Burkholderia cepacia has a special adhesin that is transmitted through close contact or inhalation of contaminated aerosols, and it tends to attack immunocompromised individuals, especially in intensive care unit (ICU) patients. ICU patients often have symptoms such as long-term bed rest, old age, low immune function, and disturbance of consciousness. Normal physiological reflexes such as swallowing and coughing are weakened and disappeared to varying degrees, and sputum, blood and vomit are not easily discharged. In addition, the invasive operation of the respiratory tract Repeated implementation of tracheotomy, endotracheal intubation, and ventilator use are all risk factors for Burkholderia cepacia infection. The main diseases caused are bacteremia, urinary tract infection, septic arthritis, endocarditis, meningitis and respiratory tract infection.

55% of the isolates of the bacteria have multi-drug resistance, and there are many types of drug resistance genes, including β-lactamase-related genes, aminoglycoside-modifying enzyme genes, disinfectant/sulfonamide resistance genes, and quinolone resistance genes , integron and the drug resistance gene carried by the common region of the inserted sequence, etc. The complexity of drug resistance genes makes the drug resistance mechanism also very complicated.

There are inherent resistance of bacteria, and there are also acquired resistance
The current status of BC drug resistance is that it is highly resistant to aminoglycoside antibiotics and polymyxins, and also has a high resistance rate (more than 60%) to chloramphenicol and fosfomycin; Among the first- and second-generation cephalosporins, cefotaxime, cefuroxime, and the monocyclic beta-lactam aztreonam have high resistance rates (resistant to The resistance rate to ceftazidime, co-trimoxazole, minocycline, and meropenem among the third-generation cephalosporins were all low.

Resistance Mechanisms:

Low permeability of outer membrane
Bc has a natural resistance to aminoglycosides and polymyxins due to the low permeability of the outer membrane and the porin that prevents the passage of hydrophilic antibiotics.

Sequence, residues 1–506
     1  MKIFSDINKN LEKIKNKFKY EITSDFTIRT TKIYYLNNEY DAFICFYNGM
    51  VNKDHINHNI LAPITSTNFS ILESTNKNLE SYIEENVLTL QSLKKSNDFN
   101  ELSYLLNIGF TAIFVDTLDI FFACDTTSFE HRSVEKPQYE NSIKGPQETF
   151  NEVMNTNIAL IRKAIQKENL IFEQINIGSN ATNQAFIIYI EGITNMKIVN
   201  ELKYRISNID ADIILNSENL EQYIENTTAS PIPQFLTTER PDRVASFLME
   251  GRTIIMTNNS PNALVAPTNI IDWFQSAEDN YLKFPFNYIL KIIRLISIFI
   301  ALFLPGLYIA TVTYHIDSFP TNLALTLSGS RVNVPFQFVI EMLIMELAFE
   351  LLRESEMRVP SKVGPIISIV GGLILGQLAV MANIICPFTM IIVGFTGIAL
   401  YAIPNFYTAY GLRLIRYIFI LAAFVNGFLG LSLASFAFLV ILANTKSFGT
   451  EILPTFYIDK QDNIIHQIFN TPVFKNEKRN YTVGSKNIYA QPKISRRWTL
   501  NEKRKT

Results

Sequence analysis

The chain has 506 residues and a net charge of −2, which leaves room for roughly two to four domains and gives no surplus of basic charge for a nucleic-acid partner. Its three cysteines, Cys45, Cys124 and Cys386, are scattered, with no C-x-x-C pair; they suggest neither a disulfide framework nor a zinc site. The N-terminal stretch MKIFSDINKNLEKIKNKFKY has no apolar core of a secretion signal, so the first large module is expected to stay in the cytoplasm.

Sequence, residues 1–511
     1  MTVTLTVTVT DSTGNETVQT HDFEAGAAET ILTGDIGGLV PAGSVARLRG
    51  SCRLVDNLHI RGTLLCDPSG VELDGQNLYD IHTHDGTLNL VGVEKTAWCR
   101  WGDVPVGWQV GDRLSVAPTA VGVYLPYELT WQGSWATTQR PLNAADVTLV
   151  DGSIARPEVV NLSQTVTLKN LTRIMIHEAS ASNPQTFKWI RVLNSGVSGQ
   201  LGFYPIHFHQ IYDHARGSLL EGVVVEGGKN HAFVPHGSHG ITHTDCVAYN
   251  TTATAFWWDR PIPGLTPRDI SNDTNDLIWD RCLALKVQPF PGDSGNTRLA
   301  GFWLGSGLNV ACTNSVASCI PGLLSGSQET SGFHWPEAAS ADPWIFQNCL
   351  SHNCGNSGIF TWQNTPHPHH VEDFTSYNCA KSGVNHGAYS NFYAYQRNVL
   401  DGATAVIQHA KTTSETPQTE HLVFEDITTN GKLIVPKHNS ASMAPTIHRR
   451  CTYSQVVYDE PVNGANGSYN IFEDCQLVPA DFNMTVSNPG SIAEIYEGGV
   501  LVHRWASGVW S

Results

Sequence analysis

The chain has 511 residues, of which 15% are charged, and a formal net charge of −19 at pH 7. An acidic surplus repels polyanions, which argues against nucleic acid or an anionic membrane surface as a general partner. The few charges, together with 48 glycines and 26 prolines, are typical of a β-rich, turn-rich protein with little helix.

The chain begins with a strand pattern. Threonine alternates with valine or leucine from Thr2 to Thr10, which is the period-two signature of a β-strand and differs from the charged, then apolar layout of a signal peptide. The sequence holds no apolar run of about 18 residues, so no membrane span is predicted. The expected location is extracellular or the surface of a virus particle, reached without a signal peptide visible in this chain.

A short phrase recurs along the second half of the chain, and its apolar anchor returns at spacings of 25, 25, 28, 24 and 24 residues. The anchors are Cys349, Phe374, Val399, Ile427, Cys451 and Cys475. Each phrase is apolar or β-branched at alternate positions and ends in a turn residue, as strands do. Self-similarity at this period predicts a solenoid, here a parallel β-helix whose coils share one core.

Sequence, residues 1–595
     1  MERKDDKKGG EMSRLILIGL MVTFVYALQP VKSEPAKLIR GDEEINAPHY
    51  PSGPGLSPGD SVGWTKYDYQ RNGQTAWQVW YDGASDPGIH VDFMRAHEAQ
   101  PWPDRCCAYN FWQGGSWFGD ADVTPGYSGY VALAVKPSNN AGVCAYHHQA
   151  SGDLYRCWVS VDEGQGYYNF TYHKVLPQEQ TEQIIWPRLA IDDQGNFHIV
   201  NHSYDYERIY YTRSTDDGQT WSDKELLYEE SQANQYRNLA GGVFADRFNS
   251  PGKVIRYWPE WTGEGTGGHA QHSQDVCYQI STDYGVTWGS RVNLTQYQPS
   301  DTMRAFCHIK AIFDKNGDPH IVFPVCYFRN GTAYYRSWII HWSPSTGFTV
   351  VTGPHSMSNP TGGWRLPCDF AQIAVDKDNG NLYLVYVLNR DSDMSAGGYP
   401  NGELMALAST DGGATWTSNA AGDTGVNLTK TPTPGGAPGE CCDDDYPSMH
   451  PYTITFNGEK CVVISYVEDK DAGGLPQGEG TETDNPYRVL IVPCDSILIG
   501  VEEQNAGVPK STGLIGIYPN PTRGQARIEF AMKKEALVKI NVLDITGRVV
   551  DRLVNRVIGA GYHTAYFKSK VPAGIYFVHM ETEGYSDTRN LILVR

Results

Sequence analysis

Efflux pump expression
Bc also has the same outer membrane lipoprotein as the P. aeruginosa pumping system (mexA-mexB-oprM). Efflux pump mechanisms play a role in resistance to beta-lactams, aminoglycosides, tetracyclines, macrolides, chloramphenicol, fluoroquinolones, and trimethoprim-sulfamethoxazole.

Produce inactivated enzymes
Bc is induced to produce inactivated enzymes such as β-lactamases (AmpC, ESBL, carbapenemase, etc.). It has been reported in the literature that the high resistance rate of the bacteria to imipenem is due to the lack of a metalloenzyme (PCM-I) capable of hydrolyzing imipenem and the specific membrane porin channel oprD.

Biofilm formation

Mobile genetic elements
BCs can acquire resistance from other bacteria by spontaneous mutation or by gene transfer via plasmids or integron.

Because Burkholderia cepacia has natural resistance to aminoglycosides, amikacin and gentamicin cannot be used clinically regardless of the results of in vitro drug susceptibility tests.

CLSI recommended treatments include ticarcillin/clavulanate, ceftazidime, meropenem, minocycline, levofloxacin, co-sulfamethoxazole, and chloramphenicol. However, the 2021 CHINET data show that Bc has a high resistance rate (75%) to ticarcillin/clavulanate. Burkholderia cepacia infection can be treated with trimethoprim/sulfamethoxazole, ceftazidime, meropenem, levofloxacin, minocycline, and chloramphenicol.